The responsibility

For the first time, this year’s class was almost entirely first semester freshmen. Much to my surprise, I felt an immense responsibility to set these students off on their Penn State careers the right way. That meant trying to impart more than ‘just’ course-related skills like critical thinking, the evaluation of evidence, distinguishing a reasoned argument from baloney, and empowering students to question what they hear from professionals, professors, peers and parents. It meant trying to get across additional things like study habits and time management, honesty and integrity, the ability to learn from failure (or low grades) and the importance of class room discipline. In email correspondence, it often also meant advocating the merits of developing a decent work ethic; or put another way, how to get an A without trying to bullshit or bully the professor.

habitsHow well did I do on any of that? I’m not sure. There were signs of serious integrity-failures. There were three plagiarism cases, despite my best efforts; I hope I handled these in a way that taught the students to never do it again but without my ruining their College careers from the get-go. I was ruthless on people who missed deadlines. I talked endlessly about the need to manage time. I am not sure if that worked. Many still left their blog posts to the last minute and it showed, just as I told them it would. I talked of the benefits of attending the voluntary review sessions. Most did not bother. I implored students to come to class and played with attendance grade algorithms to try to make that happen (I’ll evaluate whether that worked in forthcoming post). I stood up to the pleas, begging, and bullshit demands for a higher grade. I truly believe students need to earn their grades. Anything else cheats them (for the most part, life is not like that) and all those others who work honestly and hard. But I also tried to be sympathetic when students with dire personal problems reached out. It’s amazing how a little understanding from faculty, the right word at the right time, can transform a life’s direction.

The most useful question on my SRTE questionnaire is: What three things have you learned? In terms of these non-content ambitions for the course, here’s what students’ said they’d learned.

  • time management [several comments along these lines]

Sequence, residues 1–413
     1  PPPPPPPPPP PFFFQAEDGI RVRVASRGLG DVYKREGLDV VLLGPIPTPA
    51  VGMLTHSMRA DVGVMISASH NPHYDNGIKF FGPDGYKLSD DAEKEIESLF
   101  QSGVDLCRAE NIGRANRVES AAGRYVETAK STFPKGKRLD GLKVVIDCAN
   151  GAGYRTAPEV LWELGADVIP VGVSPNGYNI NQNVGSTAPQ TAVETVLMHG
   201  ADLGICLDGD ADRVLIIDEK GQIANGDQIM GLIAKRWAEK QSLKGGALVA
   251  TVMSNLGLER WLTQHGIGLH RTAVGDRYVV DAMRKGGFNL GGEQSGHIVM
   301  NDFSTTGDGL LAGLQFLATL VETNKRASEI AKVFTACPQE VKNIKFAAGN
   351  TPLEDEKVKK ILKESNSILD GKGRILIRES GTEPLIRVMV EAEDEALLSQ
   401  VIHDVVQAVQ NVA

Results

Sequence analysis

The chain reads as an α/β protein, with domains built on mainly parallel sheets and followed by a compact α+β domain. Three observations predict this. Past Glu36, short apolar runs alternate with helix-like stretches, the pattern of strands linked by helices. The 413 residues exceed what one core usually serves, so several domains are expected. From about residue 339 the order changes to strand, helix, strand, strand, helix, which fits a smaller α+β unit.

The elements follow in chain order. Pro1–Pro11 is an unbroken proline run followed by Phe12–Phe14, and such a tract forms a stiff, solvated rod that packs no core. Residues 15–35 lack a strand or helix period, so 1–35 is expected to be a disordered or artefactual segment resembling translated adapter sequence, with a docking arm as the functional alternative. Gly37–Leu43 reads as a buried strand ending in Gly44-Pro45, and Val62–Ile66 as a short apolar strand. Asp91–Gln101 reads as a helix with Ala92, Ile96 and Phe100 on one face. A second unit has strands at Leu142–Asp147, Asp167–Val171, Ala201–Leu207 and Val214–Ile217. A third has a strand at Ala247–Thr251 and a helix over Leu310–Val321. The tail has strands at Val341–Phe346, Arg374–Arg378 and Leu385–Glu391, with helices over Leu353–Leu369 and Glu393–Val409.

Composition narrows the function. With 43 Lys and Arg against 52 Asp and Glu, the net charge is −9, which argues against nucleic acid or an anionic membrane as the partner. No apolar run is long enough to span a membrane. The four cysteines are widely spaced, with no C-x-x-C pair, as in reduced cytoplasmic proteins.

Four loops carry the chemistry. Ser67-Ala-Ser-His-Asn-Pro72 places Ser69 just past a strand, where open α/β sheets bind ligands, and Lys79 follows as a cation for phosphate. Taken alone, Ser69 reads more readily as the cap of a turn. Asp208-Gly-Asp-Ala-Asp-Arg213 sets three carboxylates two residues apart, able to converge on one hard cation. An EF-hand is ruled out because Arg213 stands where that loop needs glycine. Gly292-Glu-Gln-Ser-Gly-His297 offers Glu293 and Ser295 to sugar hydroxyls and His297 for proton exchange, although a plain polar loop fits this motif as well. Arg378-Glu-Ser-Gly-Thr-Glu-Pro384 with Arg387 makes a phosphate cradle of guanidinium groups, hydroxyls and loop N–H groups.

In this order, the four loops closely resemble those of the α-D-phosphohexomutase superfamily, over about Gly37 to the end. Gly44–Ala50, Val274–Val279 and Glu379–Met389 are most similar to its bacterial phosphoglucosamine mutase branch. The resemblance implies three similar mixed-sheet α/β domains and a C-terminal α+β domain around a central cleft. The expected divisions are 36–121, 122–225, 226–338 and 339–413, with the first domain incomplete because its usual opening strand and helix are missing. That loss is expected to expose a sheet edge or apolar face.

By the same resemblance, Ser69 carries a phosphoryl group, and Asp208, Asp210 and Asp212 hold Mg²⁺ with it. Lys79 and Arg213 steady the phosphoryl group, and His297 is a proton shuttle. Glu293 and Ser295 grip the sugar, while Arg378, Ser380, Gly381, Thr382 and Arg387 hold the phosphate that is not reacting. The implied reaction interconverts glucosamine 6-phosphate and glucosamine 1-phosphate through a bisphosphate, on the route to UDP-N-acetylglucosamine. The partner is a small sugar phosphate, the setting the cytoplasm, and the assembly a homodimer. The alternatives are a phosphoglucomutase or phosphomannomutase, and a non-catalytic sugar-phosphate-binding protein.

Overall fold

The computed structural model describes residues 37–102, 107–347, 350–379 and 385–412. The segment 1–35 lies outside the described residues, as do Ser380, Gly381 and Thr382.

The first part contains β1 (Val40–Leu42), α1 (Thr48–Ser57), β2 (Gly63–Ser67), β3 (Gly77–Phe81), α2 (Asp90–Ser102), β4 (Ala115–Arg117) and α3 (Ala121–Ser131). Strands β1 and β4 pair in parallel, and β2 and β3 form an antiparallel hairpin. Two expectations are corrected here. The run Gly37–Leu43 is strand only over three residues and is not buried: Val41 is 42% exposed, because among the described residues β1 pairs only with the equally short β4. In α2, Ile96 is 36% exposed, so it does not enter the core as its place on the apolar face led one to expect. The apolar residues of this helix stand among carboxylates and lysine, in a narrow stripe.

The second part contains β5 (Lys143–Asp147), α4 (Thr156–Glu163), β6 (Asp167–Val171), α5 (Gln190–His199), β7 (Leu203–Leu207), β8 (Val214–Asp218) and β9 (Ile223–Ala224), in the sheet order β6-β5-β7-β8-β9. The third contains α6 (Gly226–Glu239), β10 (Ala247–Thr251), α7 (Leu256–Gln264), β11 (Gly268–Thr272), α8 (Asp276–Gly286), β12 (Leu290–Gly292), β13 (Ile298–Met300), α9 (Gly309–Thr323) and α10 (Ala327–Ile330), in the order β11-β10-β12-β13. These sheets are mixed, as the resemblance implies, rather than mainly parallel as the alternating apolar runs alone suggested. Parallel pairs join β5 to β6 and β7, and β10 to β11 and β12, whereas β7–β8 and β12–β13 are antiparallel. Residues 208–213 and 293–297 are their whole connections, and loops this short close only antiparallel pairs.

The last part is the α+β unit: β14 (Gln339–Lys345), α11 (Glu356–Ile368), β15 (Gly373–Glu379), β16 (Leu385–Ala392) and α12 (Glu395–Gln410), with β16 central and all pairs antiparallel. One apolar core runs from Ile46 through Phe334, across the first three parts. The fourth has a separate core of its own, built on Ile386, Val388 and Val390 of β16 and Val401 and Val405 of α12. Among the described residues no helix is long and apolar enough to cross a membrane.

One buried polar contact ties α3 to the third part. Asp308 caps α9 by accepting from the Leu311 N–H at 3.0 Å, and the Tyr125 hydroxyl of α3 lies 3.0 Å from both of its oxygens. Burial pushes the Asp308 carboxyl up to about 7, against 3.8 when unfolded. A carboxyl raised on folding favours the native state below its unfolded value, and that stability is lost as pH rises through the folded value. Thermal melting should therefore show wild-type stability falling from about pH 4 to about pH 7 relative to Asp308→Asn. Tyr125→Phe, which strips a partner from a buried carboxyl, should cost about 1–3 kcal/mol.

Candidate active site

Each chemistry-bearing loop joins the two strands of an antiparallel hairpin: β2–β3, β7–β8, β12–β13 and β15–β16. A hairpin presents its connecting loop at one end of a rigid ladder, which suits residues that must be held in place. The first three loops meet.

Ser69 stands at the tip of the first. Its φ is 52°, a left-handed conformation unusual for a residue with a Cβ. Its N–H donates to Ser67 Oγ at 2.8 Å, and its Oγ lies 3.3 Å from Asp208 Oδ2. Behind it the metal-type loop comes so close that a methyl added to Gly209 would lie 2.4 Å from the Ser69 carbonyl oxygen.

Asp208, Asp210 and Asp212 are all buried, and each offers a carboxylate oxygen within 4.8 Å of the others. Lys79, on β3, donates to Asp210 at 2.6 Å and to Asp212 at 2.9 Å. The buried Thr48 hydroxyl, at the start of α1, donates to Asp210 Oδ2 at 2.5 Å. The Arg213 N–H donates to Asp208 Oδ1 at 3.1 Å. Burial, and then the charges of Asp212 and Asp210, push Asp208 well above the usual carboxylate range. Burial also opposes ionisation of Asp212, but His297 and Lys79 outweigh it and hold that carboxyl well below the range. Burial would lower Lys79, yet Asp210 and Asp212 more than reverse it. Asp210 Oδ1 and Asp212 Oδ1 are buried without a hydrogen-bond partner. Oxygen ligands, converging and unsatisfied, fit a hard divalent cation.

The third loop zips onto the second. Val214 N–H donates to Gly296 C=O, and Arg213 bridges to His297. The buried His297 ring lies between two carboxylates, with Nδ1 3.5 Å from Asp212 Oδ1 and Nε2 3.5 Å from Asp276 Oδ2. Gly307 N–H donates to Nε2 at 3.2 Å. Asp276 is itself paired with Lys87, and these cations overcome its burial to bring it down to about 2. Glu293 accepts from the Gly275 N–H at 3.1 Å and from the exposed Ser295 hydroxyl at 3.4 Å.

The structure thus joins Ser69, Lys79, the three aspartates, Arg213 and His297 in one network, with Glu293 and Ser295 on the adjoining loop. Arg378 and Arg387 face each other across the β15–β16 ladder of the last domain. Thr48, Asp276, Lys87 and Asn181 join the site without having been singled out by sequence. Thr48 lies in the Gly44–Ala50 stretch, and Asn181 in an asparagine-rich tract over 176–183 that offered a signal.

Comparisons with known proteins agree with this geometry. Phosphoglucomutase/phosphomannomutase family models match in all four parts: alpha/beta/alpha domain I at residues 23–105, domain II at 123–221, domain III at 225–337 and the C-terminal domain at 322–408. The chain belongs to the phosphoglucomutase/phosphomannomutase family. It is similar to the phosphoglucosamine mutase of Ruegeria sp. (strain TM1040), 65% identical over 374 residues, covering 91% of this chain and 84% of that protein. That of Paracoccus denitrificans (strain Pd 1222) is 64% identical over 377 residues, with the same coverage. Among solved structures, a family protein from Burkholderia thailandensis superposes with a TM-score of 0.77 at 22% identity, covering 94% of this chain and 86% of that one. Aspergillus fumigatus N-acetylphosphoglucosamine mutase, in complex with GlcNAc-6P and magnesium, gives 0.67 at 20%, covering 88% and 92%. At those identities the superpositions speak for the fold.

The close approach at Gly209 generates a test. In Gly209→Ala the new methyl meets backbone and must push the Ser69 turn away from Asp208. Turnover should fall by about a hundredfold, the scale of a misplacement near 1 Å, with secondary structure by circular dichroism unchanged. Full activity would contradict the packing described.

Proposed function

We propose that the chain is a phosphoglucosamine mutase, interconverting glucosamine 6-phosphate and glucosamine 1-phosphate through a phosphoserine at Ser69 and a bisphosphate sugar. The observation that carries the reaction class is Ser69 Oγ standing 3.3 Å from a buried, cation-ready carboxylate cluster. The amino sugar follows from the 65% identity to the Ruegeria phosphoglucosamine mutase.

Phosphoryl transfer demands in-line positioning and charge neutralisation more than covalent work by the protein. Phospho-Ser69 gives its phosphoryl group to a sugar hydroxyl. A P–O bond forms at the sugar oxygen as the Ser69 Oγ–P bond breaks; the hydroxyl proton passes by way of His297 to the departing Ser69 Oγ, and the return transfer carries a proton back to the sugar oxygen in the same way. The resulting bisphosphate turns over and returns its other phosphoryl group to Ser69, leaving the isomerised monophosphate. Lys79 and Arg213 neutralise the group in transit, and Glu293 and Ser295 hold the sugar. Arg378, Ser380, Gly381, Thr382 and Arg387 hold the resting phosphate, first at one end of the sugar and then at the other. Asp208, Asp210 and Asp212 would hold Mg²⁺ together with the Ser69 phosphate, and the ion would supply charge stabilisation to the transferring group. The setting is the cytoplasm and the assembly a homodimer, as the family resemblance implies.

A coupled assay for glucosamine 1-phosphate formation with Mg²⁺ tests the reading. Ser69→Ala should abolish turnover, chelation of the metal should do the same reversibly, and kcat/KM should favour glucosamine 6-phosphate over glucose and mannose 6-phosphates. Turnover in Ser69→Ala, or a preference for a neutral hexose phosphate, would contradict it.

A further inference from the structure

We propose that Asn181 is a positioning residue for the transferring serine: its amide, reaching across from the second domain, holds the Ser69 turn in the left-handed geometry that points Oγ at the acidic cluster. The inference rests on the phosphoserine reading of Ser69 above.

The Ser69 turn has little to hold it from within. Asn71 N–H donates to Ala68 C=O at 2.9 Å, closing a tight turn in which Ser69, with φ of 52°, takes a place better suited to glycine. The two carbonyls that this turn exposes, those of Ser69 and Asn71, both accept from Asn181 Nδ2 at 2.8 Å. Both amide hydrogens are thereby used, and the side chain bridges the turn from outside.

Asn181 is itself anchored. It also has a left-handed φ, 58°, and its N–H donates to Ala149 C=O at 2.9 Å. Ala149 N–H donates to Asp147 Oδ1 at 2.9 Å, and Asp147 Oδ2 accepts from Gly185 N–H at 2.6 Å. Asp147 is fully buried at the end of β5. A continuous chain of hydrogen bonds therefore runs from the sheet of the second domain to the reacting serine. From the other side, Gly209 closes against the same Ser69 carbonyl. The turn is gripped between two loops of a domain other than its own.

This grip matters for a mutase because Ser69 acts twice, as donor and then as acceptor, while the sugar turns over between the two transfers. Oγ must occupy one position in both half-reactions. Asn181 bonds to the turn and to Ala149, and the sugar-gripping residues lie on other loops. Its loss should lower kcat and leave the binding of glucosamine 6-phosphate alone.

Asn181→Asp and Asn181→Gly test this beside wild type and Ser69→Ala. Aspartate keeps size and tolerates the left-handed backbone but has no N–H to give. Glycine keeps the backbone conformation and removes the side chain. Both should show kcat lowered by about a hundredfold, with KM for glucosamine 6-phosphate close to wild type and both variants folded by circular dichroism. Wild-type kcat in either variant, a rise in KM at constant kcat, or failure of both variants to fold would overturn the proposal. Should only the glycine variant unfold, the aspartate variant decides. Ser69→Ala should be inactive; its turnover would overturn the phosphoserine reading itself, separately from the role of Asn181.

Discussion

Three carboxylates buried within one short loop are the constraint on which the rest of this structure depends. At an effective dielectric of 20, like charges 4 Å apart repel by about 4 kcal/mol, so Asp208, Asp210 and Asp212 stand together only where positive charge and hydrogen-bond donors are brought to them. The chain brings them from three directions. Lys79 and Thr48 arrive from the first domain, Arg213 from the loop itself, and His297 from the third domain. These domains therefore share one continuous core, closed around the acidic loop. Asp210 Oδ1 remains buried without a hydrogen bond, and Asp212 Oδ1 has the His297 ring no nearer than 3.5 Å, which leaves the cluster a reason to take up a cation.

• I learned how much better my learning experience is by being mindful of people around me
  • don’t sit by someone who talks
  • the impact of talking in class
  • read the questions in tests carefully
  • Andrew isn’t as scary as he seems
  • better note taking [several comments along these lines]
  • how to blog better [many comments along these lines]
  • writing takes practice [oh so true!!]
  • the importance of having an engaging instructor who was willing to help and wanted his students to succeed
  • the importance of avoiding procrastination
  • learn from mistakes
  • different study methods
  • always go to class [many comments along these lines]
  • pay attention and listen to what the Professor says
  • I learned to write better
  • that it takes work to improve your grades
  • that its ok to need help but you aren’t going to get it unless you ask (the revision sessions proved this)
  • improvement is key if you want to learn
  • how to right (sic) fantastic blogs
  • don’t just focus on the examples, but the concepts within
  • the importance of getting help when you need it instead of sitting around watching your grade plummet
  • take advantage of the TAs [I assume this is meant in a good way…]
  • the importance of weeding out people who are talking in class at the beginning of semester [said as a criticism of what I did not do well enough]
  • 1. I will not automatically succeed. 2. If I put in the work, I will succeed. 3. I don’t need 8 hours of sleep.

Most of which is gratifying. But from the responses to the question ‘What changes would improve your learning?’, it is clear I have some way to go on getting students to seize control of their own learning. That’s surely one of the most important life skills we need to get across in Higher Education. After graduation, it’s rare to have someone offering homework or review sessions or changing the algorithm to suit your time management ability. But in meaningful work and for a meaningful life, learning remains critical — indeed it might be more critical than at College. How do we better encourage students to self-teach?

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